College Weight Gain: Debunking the Myth of the 'Freshman 15'
How much weight do college students really gain in their freshman year?
Posted September 10, 2013
There are many presumptions—”beliefs that persist in the absence of supporting scientific evidence”—and even myths—”beliefs that persist despite contradicting evidence”—about weight control. Seven of these myths, including about setting realistic goals for weight loss, the rapidity of weight loss, weight loss readiness, and breast feeding, were recently debunked in a comprehensive review by David B. Allison, PhD and his colleagues that was published this past year in the New England Journal of
What about the so-called “Freshman 15’? This is the season when students return to school and many thousands are leaving home to begin their freshman year at college. Do these newly matriculating students really gain fifteen pounds when they go off to college? The answer, despite articles in the popular media to the contrary, is no. Studies to date have shown that freshman college students do tend to gain weight but far less than the reported fifteen pounds for most freshmen—and over time, may even tend to lose much of any weight they gain.
Freshman weight gain was apparently first noted in the literature in the mid-1980s in an article by Hovell and colleagues. These researchers compared women living on campus with a comparable sample of freshman women living in the community. They found those freshman living on campus were almost three times as likely as the community sample to gain weight but by their junior year they were almost back at baseline levels. Reasons for the initial weight gain during freshman year were attributed to cafeteria food and dormitory living, as well as to the psychological stress of living away from home, family, and friends. The subsequent weight loss over the next few years of college was attributed to a move from the dorms and away from cafeteria-style eating. According to Cecelia Brown, in a review article published in 2008, the term “Freshman 15” was coined and first appeared in a 1989 article in the magazine Seventeen. For the years 1985 through 2006, Brown surveyed peer-reviewed journals, magazines, and newspapers, including university newspapers, and found considerable “misinformation” in the media articles that did not reflect research findings: half of the popular press publications claimed a 15-pound weight gain while the 14 research studies in the peer-reviewed journals indicated a typical weight gain was less than five pounds. Brown’s conclusion was that the “Freshman 15” was ”one of college and university students’ most dreaded fears” and nothing other than an “urban myth.” Furthermore, she noted that freshman students’ preoccupation with gaining so much weight might even lead to eating disorders such as bulimia and anorexia nervosa, whose incidences peak during these late adolescent years.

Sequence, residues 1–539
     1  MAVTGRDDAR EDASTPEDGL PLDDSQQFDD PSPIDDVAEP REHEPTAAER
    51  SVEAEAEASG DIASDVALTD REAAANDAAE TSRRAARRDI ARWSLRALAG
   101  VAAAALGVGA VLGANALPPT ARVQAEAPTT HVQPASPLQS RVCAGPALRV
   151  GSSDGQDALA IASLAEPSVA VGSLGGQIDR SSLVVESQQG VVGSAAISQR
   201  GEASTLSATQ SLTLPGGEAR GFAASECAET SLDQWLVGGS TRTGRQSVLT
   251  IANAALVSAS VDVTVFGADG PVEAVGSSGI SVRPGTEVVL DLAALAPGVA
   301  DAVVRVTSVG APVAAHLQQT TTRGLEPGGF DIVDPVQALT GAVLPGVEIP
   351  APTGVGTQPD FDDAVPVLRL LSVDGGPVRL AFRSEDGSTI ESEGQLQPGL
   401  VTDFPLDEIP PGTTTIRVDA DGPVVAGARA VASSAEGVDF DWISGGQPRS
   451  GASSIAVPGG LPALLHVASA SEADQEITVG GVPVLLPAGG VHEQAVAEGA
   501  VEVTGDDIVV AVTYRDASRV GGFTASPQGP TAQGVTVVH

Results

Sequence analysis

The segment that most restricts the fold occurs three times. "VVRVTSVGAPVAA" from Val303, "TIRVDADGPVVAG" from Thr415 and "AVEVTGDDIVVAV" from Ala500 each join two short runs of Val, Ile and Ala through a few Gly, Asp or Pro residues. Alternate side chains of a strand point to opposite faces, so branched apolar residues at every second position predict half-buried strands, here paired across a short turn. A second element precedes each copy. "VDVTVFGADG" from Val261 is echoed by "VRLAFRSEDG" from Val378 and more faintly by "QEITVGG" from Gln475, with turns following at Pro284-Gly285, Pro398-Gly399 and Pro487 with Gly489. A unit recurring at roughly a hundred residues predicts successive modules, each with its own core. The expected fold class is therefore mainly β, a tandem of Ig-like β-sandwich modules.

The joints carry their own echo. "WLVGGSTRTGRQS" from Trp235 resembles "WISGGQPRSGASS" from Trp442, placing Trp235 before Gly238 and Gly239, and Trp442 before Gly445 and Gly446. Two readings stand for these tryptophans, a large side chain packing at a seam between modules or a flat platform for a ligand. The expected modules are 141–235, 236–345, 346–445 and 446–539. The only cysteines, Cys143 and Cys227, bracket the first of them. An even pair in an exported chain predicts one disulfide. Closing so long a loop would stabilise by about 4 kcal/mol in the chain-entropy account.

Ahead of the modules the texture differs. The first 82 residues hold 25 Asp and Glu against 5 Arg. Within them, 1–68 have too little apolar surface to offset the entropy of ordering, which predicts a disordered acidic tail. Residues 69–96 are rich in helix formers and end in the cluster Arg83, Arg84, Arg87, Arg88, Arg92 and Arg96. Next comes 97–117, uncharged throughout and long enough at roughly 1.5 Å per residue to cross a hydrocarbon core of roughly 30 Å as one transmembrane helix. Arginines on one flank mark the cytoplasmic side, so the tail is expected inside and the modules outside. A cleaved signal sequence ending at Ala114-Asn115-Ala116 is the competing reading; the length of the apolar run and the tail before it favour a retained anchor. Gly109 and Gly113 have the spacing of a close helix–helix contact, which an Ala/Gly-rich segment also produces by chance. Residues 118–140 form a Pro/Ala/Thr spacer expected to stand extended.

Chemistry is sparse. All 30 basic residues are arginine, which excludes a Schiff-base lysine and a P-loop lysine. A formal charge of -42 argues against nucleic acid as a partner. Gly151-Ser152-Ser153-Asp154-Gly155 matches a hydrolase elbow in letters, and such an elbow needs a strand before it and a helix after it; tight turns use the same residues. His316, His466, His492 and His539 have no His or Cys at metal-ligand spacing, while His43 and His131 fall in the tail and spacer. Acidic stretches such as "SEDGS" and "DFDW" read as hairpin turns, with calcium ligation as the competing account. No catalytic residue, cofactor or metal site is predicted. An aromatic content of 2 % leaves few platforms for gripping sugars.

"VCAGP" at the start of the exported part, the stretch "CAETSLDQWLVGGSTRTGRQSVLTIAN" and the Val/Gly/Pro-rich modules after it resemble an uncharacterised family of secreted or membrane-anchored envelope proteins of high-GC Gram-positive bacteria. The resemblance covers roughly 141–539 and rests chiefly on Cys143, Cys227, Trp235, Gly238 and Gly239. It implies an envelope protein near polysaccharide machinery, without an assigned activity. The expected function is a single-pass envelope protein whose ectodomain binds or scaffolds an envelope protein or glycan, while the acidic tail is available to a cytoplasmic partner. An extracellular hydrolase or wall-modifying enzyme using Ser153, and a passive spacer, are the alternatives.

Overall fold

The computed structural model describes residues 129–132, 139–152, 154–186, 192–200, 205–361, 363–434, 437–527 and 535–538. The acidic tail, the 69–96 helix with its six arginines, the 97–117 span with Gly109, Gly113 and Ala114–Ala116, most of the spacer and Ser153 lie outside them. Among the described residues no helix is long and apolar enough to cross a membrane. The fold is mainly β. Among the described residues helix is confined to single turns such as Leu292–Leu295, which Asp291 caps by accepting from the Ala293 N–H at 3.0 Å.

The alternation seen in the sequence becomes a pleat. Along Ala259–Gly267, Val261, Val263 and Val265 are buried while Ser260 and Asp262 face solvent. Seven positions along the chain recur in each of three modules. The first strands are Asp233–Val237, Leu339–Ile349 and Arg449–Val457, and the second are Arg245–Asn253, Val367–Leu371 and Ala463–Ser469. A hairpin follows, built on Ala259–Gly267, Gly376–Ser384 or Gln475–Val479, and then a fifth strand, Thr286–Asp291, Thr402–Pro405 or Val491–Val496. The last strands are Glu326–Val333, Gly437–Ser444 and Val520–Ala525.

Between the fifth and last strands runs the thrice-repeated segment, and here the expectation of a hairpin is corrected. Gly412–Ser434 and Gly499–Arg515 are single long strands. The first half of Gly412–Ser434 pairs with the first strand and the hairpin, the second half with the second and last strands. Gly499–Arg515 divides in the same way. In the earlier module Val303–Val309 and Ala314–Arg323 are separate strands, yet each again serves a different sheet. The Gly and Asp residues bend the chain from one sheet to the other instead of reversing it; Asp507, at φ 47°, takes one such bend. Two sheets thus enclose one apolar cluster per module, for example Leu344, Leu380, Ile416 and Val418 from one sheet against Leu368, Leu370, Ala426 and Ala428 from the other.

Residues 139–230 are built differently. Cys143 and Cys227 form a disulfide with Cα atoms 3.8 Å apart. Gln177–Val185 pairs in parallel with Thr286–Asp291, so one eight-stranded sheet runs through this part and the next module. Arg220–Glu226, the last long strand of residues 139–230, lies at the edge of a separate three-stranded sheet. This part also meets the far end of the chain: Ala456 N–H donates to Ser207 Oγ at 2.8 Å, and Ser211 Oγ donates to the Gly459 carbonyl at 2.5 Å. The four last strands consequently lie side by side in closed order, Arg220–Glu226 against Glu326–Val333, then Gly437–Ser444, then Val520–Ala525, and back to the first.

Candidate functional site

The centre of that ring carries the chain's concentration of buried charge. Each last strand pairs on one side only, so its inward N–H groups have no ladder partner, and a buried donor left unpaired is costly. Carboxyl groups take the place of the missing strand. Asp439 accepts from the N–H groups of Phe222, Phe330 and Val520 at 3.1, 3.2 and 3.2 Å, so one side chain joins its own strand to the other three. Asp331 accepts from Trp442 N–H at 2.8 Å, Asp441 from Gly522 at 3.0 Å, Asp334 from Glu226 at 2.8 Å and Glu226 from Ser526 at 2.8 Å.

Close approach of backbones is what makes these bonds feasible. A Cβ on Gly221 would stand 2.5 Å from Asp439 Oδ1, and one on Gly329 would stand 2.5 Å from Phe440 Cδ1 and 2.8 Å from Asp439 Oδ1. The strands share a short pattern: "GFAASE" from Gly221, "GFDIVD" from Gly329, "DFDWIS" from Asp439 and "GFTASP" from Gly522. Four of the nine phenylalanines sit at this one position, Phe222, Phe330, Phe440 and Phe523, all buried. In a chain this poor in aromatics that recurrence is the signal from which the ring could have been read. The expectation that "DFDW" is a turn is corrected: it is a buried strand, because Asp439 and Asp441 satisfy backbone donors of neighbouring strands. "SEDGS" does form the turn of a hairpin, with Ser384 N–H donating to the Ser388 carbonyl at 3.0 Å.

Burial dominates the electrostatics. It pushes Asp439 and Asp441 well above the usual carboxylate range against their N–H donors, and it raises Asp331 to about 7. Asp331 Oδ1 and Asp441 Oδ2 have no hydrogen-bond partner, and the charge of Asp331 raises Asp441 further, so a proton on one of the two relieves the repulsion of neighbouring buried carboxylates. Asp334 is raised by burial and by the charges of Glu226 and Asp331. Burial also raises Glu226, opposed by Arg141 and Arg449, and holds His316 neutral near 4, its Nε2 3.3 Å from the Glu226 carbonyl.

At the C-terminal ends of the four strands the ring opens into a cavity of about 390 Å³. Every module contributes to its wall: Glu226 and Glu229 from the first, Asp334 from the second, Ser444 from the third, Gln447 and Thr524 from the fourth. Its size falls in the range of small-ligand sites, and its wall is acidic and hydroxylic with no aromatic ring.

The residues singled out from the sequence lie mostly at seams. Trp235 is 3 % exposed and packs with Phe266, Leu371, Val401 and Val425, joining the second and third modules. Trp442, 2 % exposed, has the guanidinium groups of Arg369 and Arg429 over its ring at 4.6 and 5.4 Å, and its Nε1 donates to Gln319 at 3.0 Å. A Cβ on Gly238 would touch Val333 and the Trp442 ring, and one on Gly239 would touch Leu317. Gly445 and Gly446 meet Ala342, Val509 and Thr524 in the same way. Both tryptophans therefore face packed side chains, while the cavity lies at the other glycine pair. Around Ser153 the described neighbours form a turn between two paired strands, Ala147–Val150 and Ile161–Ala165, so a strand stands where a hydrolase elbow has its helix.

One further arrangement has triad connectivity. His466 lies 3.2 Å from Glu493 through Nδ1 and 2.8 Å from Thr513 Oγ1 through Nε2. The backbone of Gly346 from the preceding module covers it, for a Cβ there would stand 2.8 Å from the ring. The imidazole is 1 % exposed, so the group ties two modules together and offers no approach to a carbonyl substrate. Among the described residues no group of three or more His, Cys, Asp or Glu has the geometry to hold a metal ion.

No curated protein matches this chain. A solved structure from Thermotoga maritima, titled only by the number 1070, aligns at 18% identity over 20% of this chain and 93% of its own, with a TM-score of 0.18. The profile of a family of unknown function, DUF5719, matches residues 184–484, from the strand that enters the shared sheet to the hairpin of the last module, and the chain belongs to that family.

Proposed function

More recently, researchers Smith-Jackson and Reel, in a 2012 article surveyed over 200 freshman women, all of whom had heard of the dreaded “Freshman 15,” and who reported “intense fears about gaining weight.” Many perceived weight gain as “inevitable” and even “a self-fulfilling prophesy.” Vending machines,
availability of fast food (and limited healthy choices), increased alcohol use, buffet-style cafeterias, and “food independence” (i.e. “increased choice over one’s food intake and preparation”) were all cited as potential factors that can lead to initial weight gain in freshman year transition. Communal eating (temptation to eat more when in a group) and less physical exercise have also been noted in the literature as contributors to this tendency to gain weight.
Research published in 2013 by Dr. Brian Wansink and his group at the Dyson School of Applied Economics and Management at Cornell University, Ithaca, found that Cornell students tended to eat more unhealthy snacks (e.g. potato chips, fries, chicken fingers) rather than healthy snacks (e.g. yoghurt, fresh fruit, and granola bars) in the final two weeks of the fall semester around the time of final exams and term paper deadlines. The researchers recommended that health professionals and those who advise students caution them about this possibility, and they also suggested that the food service provide more healthy convenient alternatives for the students.
Bottom line: Potential weight gain is understandably a realistic concern for freshmen college students, often more for women than men, as they make the transition from home to school. An unrealistic fear of the “Freshman 15” myth, however, may exacerbate anxiety and even lead to eating disorders in particularly vulnerable students with body image preoccupations. Students
should be aware of changes in their eating habits, even fairly minor ones, that may lead to weight gain. Accountability, i.e., monitoring one’s behavior, whether by having a diet buddy friend or weighing oneself on a regular basis, may help avoid creeping and excessive weight gain.